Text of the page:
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Penicillin Baby by Jon Graham

By John Walaszek

A man once told me: “Sometimes you gotta come down here and take it slow… and you’ll see that down here, slower is faster.”

That man was drunk, and talking about Savannah, Georgia, and this happened a week ago. I’m not sure his advice always holds true because soon after this conversation I saw him dozing off on his bar stool, but I’ll agree with his subtle hint that Savannah still knows how to have fun despite the city’s size and pace.

I was in Georgia to check out the fifth annual Savannah Stopover music festival. I had already experienced going to a single show alone, but a three-day festival? No way. So when the opportunity presented itself, I jumped on it because it’s early 2015 and I’ve got some stacks of PTO to throw, and I’ve always wanted to quote this in its ideal setting.

However, when I first got into Savannah late on Thursday night I immediately regretted my decision to come. It was cold and rainy, I was alone and sober, and I didn’t know any of the few bands playing that night. Flustered yet undeterred, I journeyed out into the city to try and meet up with some other writers who were down there. But I failed. The bars were crowded, my phone died, and my rum & coke needed more rum. So much more rum. I remembered that festivals are marathons, not sprints, and that I was out of my element and needed to regroup and form a plan of attack. I went back to the hotel and crashed.

Friday is the day I figured out what a small festival like Savannah Stopover is all about. Slower really can be better. Where Lollapalooza and Coachella are the “sold-out-stadium, Michael Jackson HIStory World Tours” of the festival circuit, Savannah Stopover is the underground band that you love, playing at the small club down the street.

There is no “Bud Light Stage” or “Sony Silent Disco” at the Stopover, instead, all the shows are played in existing local bars and venues, with their original sponsorless names intact. You don’t need to scan an electronic wristband at every entry point, you just float around wherever you want. I also cannot stress enough how awesome it is that you can drink anywhere in the city. Anywhere. At every bar there is a stack of “to-go” cups by the door, and if you’re not finished with your drink, you just bring it into the next bar.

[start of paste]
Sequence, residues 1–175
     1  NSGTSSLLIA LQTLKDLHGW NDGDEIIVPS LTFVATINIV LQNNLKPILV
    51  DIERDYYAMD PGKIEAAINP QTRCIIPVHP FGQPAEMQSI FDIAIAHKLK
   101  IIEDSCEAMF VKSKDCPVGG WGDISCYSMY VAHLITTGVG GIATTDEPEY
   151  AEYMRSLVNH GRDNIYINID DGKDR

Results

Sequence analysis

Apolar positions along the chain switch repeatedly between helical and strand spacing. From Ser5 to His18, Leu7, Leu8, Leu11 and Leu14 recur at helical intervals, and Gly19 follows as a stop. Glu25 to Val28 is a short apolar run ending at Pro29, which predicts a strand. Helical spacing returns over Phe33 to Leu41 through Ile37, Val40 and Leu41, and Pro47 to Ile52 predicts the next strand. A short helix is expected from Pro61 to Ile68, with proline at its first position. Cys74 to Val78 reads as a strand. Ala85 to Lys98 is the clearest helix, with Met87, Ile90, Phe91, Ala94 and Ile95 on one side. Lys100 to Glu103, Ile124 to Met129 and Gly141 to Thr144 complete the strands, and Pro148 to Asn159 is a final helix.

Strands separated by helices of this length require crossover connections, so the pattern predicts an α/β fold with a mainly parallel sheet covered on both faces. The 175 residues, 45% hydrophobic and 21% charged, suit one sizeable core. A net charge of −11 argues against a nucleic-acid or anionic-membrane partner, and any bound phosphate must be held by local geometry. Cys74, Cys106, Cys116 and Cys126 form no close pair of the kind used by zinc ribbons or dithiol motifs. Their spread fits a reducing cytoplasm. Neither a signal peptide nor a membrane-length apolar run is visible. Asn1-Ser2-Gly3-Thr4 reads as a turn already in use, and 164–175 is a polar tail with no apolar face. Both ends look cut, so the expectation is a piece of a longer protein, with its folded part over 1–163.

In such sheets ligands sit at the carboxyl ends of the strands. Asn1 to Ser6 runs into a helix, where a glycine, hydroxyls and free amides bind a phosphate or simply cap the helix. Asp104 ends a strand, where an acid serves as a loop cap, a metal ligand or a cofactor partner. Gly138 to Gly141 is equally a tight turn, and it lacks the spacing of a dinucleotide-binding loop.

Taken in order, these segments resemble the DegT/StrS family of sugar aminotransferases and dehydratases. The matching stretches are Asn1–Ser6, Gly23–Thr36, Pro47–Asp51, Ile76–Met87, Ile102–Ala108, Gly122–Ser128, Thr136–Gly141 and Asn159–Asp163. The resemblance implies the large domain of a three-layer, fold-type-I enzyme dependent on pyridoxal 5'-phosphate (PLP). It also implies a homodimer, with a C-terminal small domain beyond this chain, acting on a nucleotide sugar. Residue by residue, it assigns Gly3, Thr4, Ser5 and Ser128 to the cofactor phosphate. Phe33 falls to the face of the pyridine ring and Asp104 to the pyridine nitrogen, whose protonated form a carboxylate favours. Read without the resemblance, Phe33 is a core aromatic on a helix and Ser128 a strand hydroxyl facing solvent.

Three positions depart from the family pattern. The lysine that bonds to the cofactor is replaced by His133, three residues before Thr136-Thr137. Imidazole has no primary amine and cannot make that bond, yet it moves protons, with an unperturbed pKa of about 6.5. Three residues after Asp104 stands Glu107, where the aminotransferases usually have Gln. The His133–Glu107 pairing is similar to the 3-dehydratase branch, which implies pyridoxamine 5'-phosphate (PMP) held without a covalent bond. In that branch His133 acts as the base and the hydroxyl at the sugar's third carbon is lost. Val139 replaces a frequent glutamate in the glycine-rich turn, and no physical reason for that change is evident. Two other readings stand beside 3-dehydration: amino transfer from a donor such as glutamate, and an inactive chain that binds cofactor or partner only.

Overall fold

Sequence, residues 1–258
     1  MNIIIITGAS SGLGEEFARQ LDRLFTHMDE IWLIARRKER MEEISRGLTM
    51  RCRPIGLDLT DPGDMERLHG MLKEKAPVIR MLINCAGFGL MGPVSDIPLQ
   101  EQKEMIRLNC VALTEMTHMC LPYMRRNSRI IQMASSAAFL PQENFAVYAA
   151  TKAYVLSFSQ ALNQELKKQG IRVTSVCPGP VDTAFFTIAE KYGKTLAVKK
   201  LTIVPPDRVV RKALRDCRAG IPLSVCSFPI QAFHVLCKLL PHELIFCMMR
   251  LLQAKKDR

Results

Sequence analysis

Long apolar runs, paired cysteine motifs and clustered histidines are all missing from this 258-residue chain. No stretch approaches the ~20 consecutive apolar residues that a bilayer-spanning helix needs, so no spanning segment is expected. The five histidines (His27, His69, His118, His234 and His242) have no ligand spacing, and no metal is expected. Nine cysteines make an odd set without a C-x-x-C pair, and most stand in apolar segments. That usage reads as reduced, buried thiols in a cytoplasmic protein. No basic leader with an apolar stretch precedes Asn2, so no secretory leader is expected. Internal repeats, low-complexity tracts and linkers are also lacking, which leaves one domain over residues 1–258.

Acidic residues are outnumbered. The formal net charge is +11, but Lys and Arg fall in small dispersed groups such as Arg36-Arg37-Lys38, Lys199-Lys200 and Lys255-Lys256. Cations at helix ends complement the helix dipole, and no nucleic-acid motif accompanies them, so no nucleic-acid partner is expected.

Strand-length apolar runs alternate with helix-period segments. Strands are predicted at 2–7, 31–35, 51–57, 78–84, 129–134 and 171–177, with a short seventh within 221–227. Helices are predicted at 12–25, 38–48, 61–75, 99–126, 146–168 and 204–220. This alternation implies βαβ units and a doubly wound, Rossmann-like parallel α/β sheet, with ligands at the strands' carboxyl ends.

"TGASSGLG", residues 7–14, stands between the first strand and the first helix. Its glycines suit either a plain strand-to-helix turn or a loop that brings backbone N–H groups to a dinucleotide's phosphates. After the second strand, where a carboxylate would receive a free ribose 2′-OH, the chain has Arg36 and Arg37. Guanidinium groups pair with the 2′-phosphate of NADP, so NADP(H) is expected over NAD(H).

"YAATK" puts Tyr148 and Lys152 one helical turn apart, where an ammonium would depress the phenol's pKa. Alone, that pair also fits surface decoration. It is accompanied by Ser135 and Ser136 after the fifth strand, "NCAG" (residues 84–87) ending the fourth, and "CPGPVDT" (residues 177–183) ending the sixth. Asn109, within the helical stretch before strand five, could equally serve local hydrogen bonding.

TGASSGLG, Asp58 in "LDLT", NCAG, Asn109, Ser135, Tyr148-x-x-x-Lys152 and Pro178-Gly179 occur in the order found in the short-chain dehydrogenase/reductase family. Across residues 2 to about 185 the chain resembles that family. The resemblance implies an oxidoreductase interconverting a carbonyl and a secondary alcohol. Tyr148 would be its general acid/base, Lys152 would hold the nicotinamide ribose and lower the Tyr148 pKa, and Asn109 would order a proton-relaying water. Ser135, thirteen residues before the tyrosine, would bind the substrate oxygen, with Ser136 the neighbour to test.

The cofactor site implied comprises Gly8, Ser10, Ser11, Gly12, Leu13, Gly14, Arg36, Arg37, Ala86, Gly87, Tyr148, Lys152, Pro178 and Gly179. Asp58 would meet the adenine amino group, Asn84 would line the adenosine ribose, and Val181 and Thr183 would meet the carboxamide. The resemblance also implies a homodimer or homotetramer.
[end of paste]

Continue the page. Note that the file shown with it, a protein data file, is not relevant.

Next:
After roaming the city for most of Friday afternoon (the shows don’t start until around 5 p.m. each day which leaves plenty of time early on for recovery and exploration), I met up with some people to go catch Nashville band Penicillin Baby. The set was great, and afterwards we all started turning up and went down the street to see another Nashville band, Fly Golden Eagle.

Maybe I’m a cynic, maybe I’m just getting older and maybe I’m becoming one of those “fuck the mainstream” people, but witnessing this festival in Savannah run off the energy of people who genuinely want to hear and discover new music was inspiring.


Lollapalooza and Coachella might have the big name headliners and huge crowds, but at Savannah Stopover you can get fucked up with the bands you just saw perform. That’s a win, in my opinion.

Saturday followed the same blueprint from Friday. Slept late, explored the city, and met up with the same crew for more good music. We saw Matthew E. White perform in a church, and Diarrhea Planet start a riot in a pub, but throughout all of this there was one thought that I couldn’t shake; this whole festival is truly centered around the music.

I still love Lollapalooza and it holds a special place in my heart, but over the past five years I’ve enjoyed it less each time. Maybe I’m a cynic, maybe I’m just getting older and maybe I’m becoming one of those “fuck the mainstream” people, but witnessing this festival in Savannah run off the energy of people who genuinely want to hear and discover new music was inspiring.

Like discovering a great band before they blow up, finding a small, awesome festival can be just as exciting.